PigViewDiscusstionOral ReasonsWritten Reasons
Crossbred Market Hogs, Pig 1ViewDiscussion - Pig 1
Discussion - Pig 2
Discussion - Pig 3 and Official
Discussion - Pig 4
OralWritten
Crossbred Market Hogs, Pig 2View
Crossbred Market Hogs, Pig 3View
Crossbred Market Hogs, Pig 4View

 

Crossbred Barrows Pig 1 View

UKAnimalFoodSciences - Cross barrows Pig 1 View

 

Crossbred Barrows Pig 2 View

UKAnimalFoodSciences - Cross Barrows Pig 2 View

 

Crossbred Barrows Pig 3 View

UKAnimalFoodSciences - Cross Barrows Pig 3 View

 

Crossbred Barrows Pig 4 View

UKAnimalFoodSciences - Cross Barrows Pig 4 View

  

Cross Market Hogs Pig 1 Discussion

UKAnimalFoodSciences - Cross Market Hogs Pig 1 Discussion

 

 

Cross Market Hogs Pig 2 Discussion

UKAnimalFoodSciences - Cross Market Hogs Pig 2 Discussion

 


Cross Market Hogs Pig 3 Discussion and Official

UKAnimalFoodSciences- Cross Market Hogs Pig 3 Discussion and Official

 

 

Cross Market Hogs Pig 4 Discussion

UKAnimalFoodSciences - Cross Market Hogs Pig 4 Discussion

Oral Reasons

UKAnimalFoodSciences - Reasons Crossbred Market Hogs

Written Reasons

Crossbred Market Hogs Will Banks

I like the crossbred market hogs 4213.

The best built 4 barrow is good looking and an outlier for power, I've got him over 2 to start. My class winner is the heads up option who's more natural in his head carriage, and whose length of hip only aids his demanding drive from ringside. It’s truly impressive and not always common that the biggest rib caged and backed barrow drives off the stoutest most secure rear leg. No doubt, I sorted the product driven, heaviest weight hog in class 2nd. However it's her drive from the side that keeps her from winning; she's the short fronted, higher chined gilt that rounds out of her hip, and it’s obvious she can’t replicate the same look as 4.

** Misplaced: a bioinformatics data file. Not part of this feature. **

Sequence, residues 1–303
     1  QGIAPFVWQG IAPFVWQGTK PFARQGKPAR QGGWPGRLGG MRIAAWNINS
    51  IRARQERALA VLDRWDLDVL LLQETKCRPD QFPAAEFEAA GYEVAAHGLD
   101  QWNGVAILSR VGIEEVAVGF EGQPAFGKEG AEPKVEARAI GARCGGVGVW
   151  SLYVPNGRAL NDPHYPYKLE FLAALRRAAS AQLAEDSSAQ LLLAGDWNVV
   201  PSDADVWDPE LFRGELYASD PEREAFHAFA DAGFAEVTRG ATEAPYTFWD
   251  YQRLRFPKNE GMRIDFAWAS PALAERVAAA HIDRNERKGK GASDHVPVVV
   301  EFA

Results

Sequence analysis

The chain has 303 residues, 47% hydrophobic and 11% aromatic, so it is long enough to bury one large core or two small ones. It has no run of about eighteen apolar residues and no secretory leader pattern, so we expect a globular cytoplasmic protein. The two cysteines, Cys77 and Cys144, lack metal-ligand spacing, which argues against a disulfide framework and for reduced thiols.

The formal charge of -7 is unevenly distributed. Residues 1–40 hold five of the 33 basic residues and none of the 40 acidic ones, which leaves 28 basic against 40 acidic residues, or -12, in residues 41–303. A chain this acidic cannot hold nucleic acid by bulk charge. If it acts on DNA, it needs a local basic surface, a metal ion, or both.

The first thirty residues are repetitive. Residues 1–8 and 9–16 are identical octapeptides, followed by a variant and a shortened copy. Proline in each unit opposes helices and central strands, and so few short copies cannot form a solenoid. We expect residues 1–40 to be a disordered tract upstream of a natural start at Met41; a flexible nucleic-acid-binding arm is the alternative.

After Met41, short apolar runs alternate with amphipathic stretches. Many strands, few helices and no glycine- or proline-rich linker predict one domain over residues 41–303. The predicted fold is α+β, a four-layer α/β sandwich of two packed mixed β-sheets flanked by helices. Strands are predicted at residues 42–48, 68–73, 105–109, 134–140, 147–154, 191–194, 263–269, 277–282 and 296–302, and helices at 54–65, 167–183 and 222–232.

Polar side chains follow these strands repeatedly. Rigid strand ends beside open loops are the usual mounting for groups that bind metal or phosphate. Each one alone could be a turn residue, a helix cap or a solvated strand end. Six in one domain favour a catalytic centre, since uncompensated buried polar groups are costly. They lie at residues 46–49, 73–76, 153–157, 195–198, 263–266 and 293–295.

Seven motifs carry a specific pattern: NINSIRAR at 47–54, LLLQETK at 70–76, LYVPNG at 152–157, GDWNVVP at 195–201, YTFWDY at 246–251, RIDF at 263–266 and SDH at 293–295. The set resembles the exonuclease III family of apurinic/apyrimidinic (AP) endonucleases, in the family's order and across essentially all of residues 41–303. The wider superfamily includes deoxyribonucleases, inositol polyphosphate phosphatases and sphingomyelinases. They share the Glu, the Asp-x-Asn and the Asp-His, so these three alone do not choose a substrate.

Still it's 2 over 1 in the middle, for it's her big blade and stout forearm which allows her to feed back out of her chest floor into the boldest most pliable rib shape, but it's not her muscle that keeps her over 1, it’s her skeleton. The loud colored gilt reads more attractive and relaxed in the angle to her blade and knee, while hinging looser and freer out of her hip and hind leg. Make no mistake the black gilt is certainly the highest cutability most expressively muscled hog and I would make the argument that she's the leanest option of the class who should take to the rail with the highest percent muscle. But I also call her raw muscle pattern a problem within the class; she's the dry ribbed, hardest bodied gilt, who even more concerning pushes out at her elbow and bows her hock when driven away. 

Even so in a contrasting final duo of hogs who could be modified for different reasons to better meet end production values, I prefer the leaner designed gilt over 3. Sure the larger scaled 3 barrow is softer centered, but what true value does this hold in a market scenario when the excessively fat, plain muscled hog will be the least profitable on the rail. 

Thank you 


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